Skip to main content

New Tubulin Polymerization Inhibitor Derived from Thalidomide: Implications for Anti-Myeloma Therapy

Buy Article:

$63.00 plus tax (Refund Policy)

Abstract:

Despite the conventional and high-dose chemotherapy with hematopoietic stem cell transplantation, multiple myeloma eventually relapses, resulting in an incurable hematological malignancy. Therefore, novel therapeutic approaches in clinical settings are desired. Recently, thalidomide was introduced for the treatment of myeloma, and many clinical trials have since confirmed its efficacy in patients with relapsed/refractory or newly diagnosed multiple myeloma. Multiple mechanisms have been proposed to explain thalidomide's antimyeloma activity. However, the precise mechanism underlying this activity remains unclear, because thalidomide rapidly undergoes spontaneous, nonenzymatic, hydrolytic cleavage to numerous metabolites in vivo. To elucidate the exact anti-myeloma mechanism of thalidomide in vivo, we have performed structural development studies of thalidomide, and obtained various analogs with specific molecular properties. Among these derivatives, we found that a new thalidomide analog, 2-(2,6-diisopropylphenyl)-5-hydroxy-1H-isoindole- 1,3-dione (5HPP-33), has the most potent anti-myeloma effect with tubulin polymerization inhibiting activity. 5HPP-33 directly inhibited the growth and survival of various myeloma cells in a dose-dependent manner with IC50 of 1-10 μM. In contrast, thalidomide itself did not inhibit RPMI8226 cell growth. A tubulin polymerization assay using microtubule protein from porcine brain revealed that 5HPP-33 had potent tubulin polymerization inhibiting activity with IC50 of 8.1 μM, comparable to that of rhizoxin, a known tubulin polymerization inhibitor. Moreover, its activity was more potent than that of a known thalidomide metabolite, 5-hydroxythalidomide. Our data suggest that 5HPP-33 is a promising candidate as a therapeutic agent for multiple myeloma. In addition, the results suggest that thalidomide's tubulin polymerization inhibiting activity might be the mechanism underlying the induction of apoptosis in myeloma cells.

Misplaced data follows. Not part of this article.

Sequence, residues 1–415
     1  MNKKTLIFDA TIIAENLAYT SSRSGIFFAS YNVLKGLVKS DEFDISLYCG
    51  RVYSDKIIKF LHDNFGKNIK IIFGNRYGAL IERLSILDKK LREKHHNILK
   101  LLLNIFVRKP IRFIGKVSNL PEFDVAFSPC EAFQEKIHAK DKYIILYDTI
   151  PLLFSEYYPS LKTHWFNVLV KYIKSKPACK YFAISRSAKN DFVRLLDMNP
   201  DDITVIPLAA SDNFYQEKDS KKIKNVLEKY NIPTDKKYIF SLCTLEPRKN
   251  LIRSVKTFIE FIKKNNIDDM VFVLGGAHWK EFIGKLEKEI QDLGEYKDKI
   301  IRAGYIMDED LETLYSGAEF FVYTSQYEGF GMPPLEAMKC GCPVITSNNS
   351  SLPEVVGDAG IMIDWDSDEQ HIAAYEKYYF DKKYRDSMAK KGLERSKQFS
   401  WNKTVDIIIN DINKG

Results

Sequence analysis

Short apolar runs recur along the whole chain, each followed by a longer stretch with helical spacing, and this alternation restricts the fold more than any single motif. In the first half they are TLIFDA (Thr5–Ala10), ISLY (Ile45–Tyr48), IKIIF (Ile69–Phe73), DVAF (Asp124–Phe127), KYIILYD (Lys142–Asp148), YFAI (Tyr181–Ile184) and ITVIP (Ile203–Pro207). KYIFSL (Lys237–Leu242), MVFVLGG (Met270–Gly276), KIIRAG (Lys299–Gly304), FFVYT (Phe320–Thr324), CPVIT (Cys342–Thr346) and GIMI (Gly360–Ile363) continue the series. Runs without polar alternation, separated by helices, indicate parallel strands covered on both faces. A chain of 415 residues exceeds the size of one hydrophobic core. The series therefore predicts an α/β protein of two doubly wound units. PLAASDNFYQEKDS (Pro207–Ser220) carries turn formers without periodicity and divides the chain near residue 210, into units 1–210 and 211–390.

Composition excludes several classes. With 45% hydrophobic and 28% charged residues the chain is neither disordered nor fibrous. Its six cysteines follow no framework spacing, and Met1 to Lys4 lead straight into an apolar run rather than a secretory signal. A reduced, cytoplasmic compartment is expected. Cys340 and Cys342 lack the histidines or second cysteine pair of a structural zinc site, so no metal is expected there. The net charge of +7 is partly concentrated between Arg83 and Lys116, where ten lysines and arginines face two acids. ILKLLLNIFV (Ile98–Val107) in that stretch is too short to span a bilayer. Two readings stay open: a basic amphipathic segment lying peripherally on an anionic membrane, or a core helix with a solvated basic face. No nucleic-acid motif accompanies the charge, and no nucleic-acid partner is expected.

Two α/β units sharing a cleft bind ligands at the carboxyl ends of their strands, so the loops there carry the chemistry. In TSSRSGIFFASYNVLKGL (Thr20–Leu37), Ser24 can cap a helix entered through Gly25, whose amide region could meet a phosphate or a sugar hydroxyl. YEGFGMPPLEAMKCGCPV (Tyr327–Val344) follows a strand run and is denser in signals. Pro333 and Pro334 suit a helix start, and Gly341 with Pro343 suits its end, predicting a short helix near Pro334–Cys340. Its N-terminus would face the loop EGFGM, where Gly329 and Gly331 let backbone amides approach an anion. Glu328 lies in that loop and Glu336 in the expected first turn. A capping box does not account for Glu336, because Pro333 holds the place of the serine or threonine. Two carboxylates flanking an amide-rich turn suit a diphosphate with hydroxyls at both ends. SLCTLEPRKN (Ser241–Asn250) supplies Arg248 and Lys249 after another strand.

Keywords: 5HPP-33; Thalidomide; apoptosis; metabolite; multiple myeloma; structural development; tubulin polymerization inhibitor

Document Type: Research Article

DOI: http://dx.doi.org/10.2174/092986708783955473

Affiliations: Division of Hematology, Department of Internal Medicine, Saitama Medical Center, Saitama Medical University, 1981 Tsujido-machi, Kamoda, Kawagoe, Saitama 350-8550, Japan.

Publication date: April 1, 2008

More about this publication?
  • Current Medicinal Chemistry covers all the latest and outstanding developments in medicinal chemistry and rational drug design. Each issue contains a series of timely in-depth reviews written by leaders in the field covering a range of the current topics in medicinal chemistry. Current Medicinal Chemistry is an essential journal for every medicinal chemist who wishes to be kept informed and up-to-date with the latest and most important developments.
ben/cmc/2008/00000015/00000008/art00003
dcterms_title,dcterms_description,pub_keyword
6
5
20
40
5

Access Key

Free Content
Free content
New Content
New content
Open Access Content
Open access content
Subscribed Content
Subscribed content
Free Trial Content
Free trial content
Cookie Policy
X
Cookie Policy
ingentaconnect website makes use of cookies so as to keep track of data that you have filled in. I am Happy with this Find out more